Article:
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Patrick G. is a 17-year-old boy with autism who qualifies for special educational services under the Individuals with Disabilities Education Act, which requires states receiving federal funding to offer children with disabilities a free appropriate public education in the least restrictive environment.
Since 2013, G. has attended the Alpine Autism Center for school. During enrollment, G.’s mother met with district officials and provided them with his prior school records, including his individualized education plan. In 2016, the Harrison School District proposed transferring G. to a special program at Mountain Vista Community School, allegedly tailored to G.’s needs. G.’s parents challenged the decision on his behalf, alleging the school district committed a host of violations in crafting an IEP for G. in 2015 and 2016.
G.’s IEP team met with a neutral facilitator on Jan. 8, 2016, to discuss updating his IEP. The team concluded G. “did not exhibit the need for a Behavioral Intervention Plan based on the behaviors he exhibited during the  evaluations,” but stated they would revisit this determination if things changed. They discussed the advantages and disadvantages of both Alpine and Mountain Vista.
The advantages of Mountain Vista were G. would receive specialized, small-group social and academic instruction in a special education classroom for the majority of his school day while still accessing the general education environment to practice learned social skills and more rigorous, tailored academic instruction. The advantages of Alpine were that G. could continue his current placement, where he was making progress. At the conclusion of the January 2016 meeting, “[a]ll of the team members, with the exception of [the parents], opined that [G.’s] goals could best be met at Mountain Vista… and [its] public school setting was the least restrictive environment for him.”
G.’s parents threatened to file a due process complaint if G. were removed from Alpine and the school district maintained his placement there until May 2016. The district discontinued its payments to Alpine on May 20, 2016. In response to the decision to discontinue payments to Alpine, and to the general impasse over G.’s 2016 IEP, G.’s parents filed a due process complaint on G.’s behalf on Aug. 25, 2016.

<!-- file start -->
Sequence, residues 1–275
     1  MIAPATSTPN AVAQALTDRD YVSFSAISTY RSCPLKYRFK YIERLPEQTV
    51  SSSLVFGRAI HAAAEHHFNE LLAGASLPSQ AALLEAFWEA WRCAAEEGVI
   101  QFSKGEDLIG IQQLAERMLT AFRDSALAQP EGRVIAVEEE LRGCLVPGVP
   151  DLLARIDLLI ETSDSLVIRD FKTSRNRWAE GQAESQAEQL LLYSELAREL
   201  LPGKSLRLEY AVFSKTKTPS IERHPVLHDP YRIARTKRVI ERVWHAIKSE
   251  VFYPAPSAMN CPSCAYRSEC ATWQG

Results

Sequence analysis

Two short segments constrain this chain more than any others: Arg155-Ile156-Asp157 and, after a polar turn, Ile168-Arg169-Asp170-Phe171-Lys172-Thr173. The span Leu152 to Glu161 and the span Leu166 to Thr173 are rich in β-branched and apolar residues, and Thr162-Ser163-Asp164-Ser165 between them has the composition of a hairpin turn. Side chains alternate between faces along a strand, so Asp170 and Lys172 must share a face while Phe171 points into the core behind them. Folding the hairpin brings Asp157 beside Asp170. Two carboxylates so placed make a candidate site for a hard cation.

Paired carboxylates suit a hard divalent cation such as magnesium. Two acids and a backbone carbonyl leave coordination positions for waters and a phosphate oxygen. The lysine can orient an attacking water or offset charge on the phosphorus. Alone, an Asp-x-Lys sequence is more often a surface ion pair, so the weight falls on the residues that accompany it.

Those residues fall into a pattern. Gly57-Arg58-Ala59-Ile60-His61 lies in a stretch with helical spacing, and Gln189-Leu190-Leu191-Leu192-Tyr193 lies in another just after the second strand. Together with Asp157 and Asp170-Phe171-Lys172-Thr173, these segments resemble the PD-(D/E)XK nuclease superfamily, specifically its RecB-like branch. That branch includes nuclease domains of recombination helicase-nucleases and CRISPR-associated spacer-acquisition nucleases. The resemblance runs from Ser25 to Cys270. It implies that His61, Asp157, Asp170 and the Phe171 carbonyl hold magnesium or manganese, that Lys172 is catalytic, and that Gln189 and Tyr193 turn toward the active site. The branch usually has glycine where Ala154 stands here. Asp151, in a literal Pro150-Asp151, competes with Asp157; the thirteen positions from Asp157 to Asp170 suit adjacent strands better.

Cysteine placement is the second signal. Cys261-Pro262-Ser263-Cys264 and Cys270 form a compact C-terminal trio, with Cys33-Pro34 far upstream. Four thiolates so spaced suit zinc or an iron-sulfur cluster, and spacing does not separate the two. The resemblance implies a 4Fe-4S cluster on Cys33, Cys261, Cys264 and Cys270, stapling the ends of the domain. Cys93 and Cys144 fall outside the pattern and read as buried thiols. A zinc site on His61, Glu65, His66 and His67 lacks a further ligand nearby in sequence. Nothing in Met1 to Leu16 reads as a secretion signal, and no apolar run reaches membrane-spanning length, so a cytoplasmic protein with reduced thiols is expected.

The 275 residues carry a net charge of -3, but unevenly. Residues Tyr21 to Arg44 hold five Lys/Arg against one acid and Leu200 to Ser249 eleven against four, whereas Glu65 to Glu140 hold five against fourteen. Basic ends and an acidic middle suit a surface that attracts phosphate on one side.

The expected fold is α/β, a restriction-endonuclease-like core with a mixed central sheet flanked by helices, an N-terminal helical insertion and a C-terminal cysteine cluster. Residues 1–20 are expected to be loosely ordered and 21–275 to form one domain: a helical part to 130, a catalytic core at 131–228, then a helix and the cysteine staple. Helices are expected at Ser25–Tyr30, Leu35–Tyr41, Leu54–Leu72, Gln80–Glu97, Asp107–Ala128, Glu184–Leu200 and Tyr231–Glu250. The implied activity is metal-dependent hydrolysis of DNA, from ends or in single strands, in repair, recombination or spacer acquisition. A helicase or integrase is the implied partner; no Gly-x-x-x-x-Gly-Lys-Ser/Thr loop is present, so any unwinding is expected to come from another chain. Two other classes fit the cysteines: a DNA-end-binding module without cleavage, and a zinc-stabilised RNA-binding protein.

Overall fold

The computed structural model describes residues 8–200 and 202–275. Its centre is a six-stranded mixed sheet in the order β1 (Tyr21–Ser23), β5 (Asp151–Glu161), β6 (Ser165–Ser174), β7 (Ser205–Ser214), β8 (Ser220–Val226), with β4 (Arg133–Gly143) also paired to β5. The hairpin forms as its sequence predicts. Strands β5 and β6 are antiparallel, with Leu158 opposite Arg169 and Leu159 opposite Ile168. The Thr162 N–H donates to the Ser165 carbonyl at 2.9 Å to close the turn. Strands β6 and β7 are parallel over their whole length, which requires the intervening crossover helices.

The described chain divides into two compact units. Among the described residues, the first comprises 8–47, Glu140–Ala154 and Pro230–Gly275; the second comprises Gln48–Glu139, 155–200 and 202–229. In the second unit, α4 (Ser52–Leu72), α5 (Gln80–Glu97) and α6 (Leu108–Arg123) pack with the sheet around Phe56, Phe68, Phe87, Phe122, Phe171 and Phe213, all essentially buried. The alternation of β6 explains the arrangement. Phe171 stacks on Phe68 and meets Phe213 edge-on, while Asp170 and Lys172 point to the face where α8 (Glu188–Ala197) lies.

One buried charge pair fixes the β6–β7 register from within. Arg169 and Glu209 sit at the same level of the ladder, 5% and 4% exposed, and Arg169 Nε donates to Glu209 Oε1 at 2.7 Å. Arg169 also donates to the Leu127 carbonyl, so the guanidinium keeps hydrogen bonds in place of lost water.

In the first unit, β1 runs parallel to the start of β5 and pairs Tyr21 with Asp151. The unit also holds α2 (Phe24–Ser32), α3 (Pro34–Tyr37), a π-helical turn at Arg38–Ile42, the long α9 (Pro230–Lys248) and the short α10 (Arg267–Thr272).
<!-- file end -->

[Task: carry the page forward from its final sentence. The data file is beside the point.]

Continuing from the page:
Specifically, they alleged the district committed myriad procedural and substantive violations regarding G.’s 2016 IEP, including that it “failed to provide G. the speech and occupational services required in his” IEP for several years; “failed to comply with the… requirements of” the Individuals with Disabilities Education Act; “significantly changed G.’s educational placement without conducting a full or adequate reevaluation of G.”; “failed to include as members of G.’s IEP Team individuals who had specific and current knowledge about G. and his educational needs,” including “staff from [his] current educational placement at Alpine” and “pre-determined G.’s educational placement at Mountain Vista” without considering his “individual educational needs and abilities.”
As relief, the parents requested “an order requiring the school district to place [G.] at Alpine… and reimburse the Parents for the costs associated from this educational placement [at Alpine] from May 20, 2016, to the present.” They also requested compensation for therapy services and attorney fees.
The district court determined that the expiration of G.’s 2016 IEP rendered the lawsuit moot — there was no longer a live controversy for the court to resolve. Significantly, the district court held several related issues — including the parents’ request for attorney’s fees from the administrative proceedings, their argument that the school district had incorrectly reimbursed the parents’ insurance provider instead of the parents themselves and their motion for a “stay put” injunction to keep G. in his current educational placement during the proceedings — were also moot.
In the appeal, the parents contended the district court erred by failing to find their substantive IDEA claims fall into the “capable of repetition, yet evading review” exception to mootness. Even if their substantive IDEA claims did not fall within this exception, they posited that their requests for attorney’s fees, reimbursement and a “stay put” injunction continue to present live claims.
The 10th Circuit Court of Appeals determined that, while the parents’ substantive IDEA claims are moot and the stay-put claim — which depends on the IDEA claims — is also moot, the parents’ claims for attorney fees and reimbursement continue to present live controversies. These issues were remanded to the district court for further proceedings.